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​Sleep Expert Shares Tennis Ball Trick To Stop Snoring

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​Sleep Expert Shares Tennis Ball Trick To Stop Snoring

A sleep expert has shared a nifty little trick to help stop people snoring - and all you'll need is a tennis ball.

Dr Sophie Bostock appeared on This Morning last week to tell viewers all about the simple hack, explaining how snoring tends to be worse if someone's lying on their back.

Bostock said there is an increasing number of people snoring over lockdown - something that could, in part, be thanks to workers spending more time hunched over a desk and not exercising.

She said: "Snoring gets worse when you lie on your back, because when you lie on your back your mouth is more likely to open."

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Credit: PA
Credit: PA

Bostock added: "Anything you can do to keep yourself leaning on the side should help. A tennis ball sewn into the back of your pyjamas can make it uncomfortable."

It's a technique the NHS also recommends for snorers, advising people to 'try taping or stitching a tennis ball to the back of your sleepwear, or buy a special pillow or bed wedge to help keep you on your side'.

Other advice also includes trying to lose weight if you're overweight, avoiding alcohol, smoking and sleeping pills, and asking your partner to wear earplugs if your snoring affects their sleep.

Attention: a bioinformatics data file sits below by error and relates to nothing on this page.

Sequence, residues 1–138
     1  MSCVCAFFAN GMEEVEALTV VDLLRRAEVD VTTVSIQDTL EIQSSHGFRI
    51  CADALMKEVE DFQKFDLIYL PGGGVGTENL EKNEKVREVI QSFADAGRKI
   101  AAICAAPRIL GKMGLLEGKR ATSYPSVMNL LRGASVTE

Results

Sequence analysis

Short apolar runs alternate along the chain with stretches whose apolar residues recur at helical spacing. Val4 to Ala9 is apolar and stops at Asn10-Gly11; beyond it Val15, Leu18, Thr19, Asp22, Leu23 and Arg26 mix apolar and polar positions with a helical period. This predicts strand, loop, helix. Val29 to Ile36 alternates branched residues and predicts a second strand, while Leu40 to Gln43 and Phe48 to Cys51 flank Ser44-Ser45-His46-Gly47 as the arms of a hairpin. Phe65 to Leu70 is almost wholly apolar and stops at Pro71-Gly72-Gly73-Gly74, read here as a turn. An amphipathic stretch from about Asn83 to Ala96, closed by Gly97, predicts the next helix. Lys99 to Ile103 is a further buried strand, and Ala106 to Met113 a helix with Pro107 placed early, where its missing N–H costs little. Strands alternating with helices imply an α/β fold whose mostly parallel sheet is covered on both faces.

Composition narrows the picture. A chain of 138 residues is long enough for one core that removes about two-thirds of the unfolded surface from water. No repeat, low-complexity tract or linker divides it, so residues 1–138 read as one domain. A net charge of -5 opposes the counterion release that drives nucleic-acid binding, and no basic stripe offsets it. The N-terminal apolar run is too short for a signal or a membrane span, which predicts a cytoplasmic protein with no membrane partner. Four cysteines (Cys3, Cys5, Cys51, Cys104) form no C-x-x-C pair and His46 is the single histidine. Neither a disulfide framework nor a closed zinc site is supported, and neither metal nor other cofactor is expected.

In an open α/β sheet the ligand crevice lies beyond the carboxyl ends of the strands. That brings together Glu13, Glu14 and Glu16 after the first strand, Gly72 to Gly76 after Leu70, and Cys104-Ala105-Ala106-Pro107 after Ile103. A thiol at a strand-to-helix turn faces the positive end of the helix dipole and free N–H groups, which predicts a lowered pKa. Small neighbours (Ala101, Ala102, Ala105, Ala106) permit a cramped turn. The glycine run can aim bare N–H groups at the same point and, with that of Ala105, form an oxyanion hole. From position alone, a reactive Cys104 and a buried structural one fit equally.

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The idea itself is also a tried-and-tested method with soldiers, although they would use a slightly more cumbersome prop.

Karl Rollison, an internationally-renowned Harley Street therapist and author of Sleep Ninja, said by sleeping with their rucksack on, soldiers would stop themselves from snoring - and potentially giving their position away to enemies.

Credit: PA
Credit: PA

Rollison told Tyla: "When we sleep on our backs the tongue and soft palate relax, succumb to gravity and rest on the back of the throat and make a vibrating noise. The jaw also relaxes so the lips open and the mouth becomes an organic echo chamber amplifying the sound.

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"So, when we snore our heads become big, squidgy speakers playing really bad music. Sleeping on your side is less restrictive on the airways and creates better airflow. This is one of the reasons unconscious people are placed in the recovery position."

Rollison said of the 'old-school' technique: "Many years ago, I cracked three ribs doing martial arts and if I shifted my position during sleep I woke up in agony, so I placed a pillow in a rucksack and wore it loosely on my back - I slept like a baby. This method physically prevents you from rolling onto your back without the pain of having a tennis ball on it."

Featured Image Credit: PA

Topics: World News, News, Sleep, Health

Jess Hardiman
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